PDP Protest To INEC: A Dissection

PDP Protest To INEC: A Dissection


PDP Protest To INEC: A Dissection 

The world over, politicians try to win elections by fair and foul means. That tendency is the reason institutions and laws exist and are operated by men of honour and integrity, who are sticklers to rules and unyielding to pressures from partisan interests.

The February 2023 Presidential election in Nigeria is a watershed and a new low in the kind of life Nigerians live as human beings who deliberately refuse to grow up and join civilized societies. Our leaders lack honour and integrity, and have now added impunity by refusing to obey the laws of the land.

Nigeria’s problems are essentially civilisational, not education. Nigeria has more graduates than Britain. But the question is: what is the quality of the human beings who live in Nigeria and are Nigerians? That is what the problem is and why the country is more of a jungle, governed by the principle of anomie – where human values count for really little, where dogs eat dogs.

Nigerians have been subjected to dehumanising and annihilating conditions and many of them needlessly perish and the law and its enforcers do very little to ensure decency, most basic requirements of law and order, and life for the living. Justice in Nigeria is now often for sale. You cannot even get the police to investigate your case without parting with money and judges easily accept bribes to render justice, going by the numerous damning disciplinary cases decided by the NJC.

Where the law appears to be serious and following the trajectory of justice, it is just for some symbolic gestures to create the impression that the nation is under law, or a top personality is involved, or the international community has expressed interest and the nation needs to save face and appear good like the rest of the civilised world.

It is this murky background that will shed light on the PDP’s protest match to the INEC headquarters in Abuja to present a five-point demand, which summarized, is a demand for the cancellation of the charade called February 25 presidential election. Many say it was a needless protest match since the matter is already in court. Those who say this underestimate the rot in the nation’s polity, which the judiciary has turned out to be the most recent victim.

Presidential election petitions have a lot to do with politics and technicalities. The Supreme Court is a court as well as a policy-making body. That is why the apex court dabbled into the currency crisis and even set a date (Dec 31, 2023) for the old naira notes to cease to be legal tenders, a function that ordinarily belongs to the CBN/Executive arm.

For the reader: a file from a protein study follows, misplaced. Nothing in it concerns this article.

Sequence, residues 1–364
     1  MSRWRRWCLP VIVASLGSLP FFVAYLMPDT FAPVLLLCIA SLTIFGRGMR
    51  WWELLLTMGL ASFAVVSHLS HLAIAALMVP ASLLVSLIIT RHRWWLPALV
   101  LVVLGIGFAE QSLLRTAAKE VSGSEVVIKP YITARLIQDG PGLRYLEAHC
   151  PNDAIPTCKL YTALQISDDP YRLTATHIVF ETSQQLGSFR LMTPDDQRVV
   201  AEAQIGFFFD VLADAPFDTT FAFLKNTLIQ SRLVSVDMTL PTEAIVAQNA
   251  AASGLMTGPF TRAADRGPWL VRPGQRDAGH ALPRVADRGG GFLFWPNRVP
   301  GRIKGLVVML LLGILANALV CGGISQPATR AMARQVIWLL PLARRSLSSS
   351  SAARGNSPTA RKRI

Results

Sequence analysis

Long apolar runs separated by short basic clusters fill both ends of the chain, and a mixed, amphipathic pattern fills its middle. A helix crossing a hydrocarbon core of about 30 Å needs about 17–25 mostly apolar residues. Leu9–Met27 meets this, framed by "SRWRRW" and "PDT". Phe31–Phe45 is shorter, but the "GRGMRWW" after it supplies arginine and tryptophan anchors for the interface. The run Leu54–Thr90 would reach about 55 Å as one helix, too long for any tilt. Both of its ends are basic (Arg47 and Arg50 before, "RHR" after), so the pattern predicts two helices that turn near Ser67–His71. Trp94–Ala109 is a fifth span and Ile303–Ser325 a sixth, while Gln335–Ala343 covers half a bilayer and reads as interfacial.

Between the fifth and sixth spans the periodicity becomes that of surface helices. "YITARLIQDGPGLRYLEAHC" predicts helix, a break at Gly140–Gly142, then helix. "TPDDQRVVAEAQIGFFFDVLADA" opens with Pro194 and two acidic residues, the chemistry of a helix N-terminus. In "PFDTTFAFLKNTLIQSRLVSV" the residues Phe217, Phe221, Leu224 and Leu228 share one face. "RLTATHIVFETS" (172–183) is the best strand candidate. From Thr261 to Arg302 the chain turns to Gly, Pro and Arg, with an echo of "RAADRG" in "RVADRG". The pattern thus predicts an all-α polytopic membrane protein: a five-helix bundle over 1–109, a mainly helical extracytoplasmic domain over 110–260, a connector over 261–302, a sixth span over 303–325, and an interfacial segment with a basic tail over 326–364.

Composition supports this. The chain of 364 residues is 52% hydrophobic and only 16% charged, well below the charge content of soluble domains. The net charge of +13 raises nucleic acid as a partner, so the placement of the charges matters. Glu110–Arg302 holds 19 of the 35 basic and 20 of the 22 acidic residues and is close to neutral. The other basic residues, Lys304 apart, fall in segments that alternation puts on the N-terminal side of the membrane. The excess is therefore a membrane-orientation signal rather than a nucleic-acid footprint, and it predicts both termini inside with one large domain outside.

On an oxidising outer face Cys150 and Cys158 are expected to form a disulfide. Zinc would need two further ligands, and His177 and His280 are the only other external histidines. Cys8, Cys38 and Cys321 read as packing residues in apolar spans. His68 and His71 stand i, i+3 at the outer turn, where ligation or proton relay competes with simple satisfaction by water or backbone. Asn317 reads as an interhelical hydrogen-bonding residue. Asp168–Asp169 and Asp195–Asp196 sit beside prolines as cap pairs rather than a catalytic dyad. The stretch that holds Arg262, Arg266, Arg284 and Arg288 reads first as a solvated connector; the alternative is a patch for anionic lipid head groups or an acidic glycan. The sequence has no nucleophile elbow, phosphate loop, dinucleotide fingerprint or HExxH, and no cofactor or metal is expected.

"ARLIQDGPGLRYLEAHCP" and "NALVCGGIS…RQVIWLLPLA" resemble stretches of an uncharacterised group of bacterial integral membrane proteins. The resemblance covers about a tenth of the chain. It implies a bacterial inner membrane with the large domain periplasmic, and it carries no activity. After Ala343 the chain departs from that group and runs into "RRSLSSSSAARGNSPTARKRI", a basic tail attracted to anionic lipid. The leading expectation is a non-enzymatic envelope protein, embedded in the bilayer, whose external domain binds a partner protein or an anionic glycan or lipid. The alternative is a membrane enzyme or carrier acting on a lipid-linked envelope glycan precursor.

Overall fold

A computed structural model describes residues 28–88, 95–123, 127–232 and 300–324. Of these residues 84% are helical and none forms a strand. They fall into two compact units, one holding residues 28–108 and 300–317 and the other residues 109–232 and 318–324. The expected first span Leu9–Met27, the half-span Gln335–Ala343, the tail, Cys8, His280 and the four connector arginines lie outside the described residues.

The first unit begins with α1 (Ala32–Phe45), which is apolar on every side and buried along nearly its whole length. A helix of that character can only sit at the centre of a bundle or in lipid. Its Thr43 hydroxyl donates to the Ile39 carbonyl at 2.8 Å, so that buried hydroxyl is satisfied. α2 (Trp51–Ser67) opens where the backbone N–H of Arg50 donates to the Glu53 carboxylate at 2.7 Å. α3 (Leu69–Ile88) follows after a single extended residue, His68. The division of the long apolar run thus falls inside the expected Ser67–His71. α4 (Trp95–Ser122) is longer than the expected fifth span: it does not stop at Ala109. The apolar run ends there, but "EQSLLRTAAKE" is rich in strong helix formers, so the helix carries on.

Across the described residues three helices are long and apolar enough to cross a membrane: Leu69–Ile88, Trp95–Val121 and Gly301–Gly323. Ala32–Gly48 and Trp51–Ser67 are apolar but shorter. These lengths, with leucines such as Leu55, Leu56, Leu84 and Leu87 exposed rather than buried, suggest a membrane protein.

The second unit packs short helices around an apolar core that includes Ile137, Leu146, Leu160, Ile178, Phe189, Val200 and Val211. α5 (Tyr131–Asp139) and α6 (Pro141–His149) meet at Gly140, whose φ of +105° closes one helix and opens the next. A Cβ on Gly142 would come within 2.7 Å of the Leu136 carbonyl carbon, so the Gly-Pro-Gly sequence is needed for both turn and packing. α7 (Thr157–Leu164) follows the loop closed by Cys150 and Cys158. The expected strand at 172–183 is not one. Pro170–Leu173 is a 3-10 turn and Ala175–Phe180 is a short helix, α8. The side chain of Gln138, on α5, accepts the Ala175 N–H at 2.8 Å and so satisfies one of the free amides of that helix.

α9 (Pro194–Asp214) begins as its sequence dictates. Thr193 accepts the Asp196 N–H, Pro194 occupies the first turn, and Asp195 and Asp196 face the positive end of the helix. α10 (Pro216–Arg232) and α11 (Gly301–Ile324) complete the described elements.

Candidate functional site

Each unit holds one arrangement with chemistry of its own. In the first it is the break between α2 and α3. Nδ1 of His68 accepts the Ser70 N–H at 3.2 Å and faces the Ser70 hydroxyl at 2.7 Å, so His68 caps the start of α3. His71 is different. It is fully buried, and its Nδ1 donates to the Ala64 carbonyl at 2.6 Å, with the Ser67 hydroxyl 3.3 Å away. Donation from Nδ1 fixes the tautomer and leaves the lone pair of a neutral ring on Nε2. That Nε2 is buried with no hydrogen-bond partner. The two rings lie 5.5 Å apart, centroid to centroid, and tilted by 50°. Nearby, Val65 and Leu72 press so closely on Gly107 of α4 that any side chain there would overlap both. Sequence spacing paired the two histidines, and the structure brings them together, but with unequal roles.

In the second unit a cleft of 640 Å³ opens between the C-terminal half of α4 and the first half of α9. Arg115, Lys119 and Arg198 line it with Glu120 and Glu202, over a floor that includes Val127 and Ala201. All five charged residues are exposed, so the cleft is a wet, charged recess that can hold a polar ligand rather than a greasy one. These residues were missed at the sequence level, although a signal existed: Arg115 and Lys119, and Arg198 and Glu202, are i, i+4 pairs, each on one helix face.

What this means is that if the opposition political parties keep quiet, their petitions may not be decided on point of law, but on technicalities and political exigencies. Their case may end up as a travesty of justice and the citizens will feel more bewildered and betrayed, and will likely be forced back into apathy and depression, or even into self-help that may convulse the polity to the point of rupture and, as PDP has warned, truncate the nation’s fledgling democracy.

The judiciary is brought into this presidential election conundrum because the process was marred by INEC abandoning the Electoral Act 2022 and its Guidelines, and descending into the arena as a player, rather than remaining the umpire statutorily assigned to it by law.

What INEC did can be better understood by taking a look at what happens in the game of football. The referees and players know the rules of the game and the referee moderates the play according to those extant rules. If there is no referee, a team can do anything to win just like in politics. The players will use the hand of God to score as Diego Maradona did in the 1986 world cup final between Argentina and England. The goalkeeper can always handle the ball outside his 18 yards box. No referee worth his name will allow such flagrant violations in the field of play.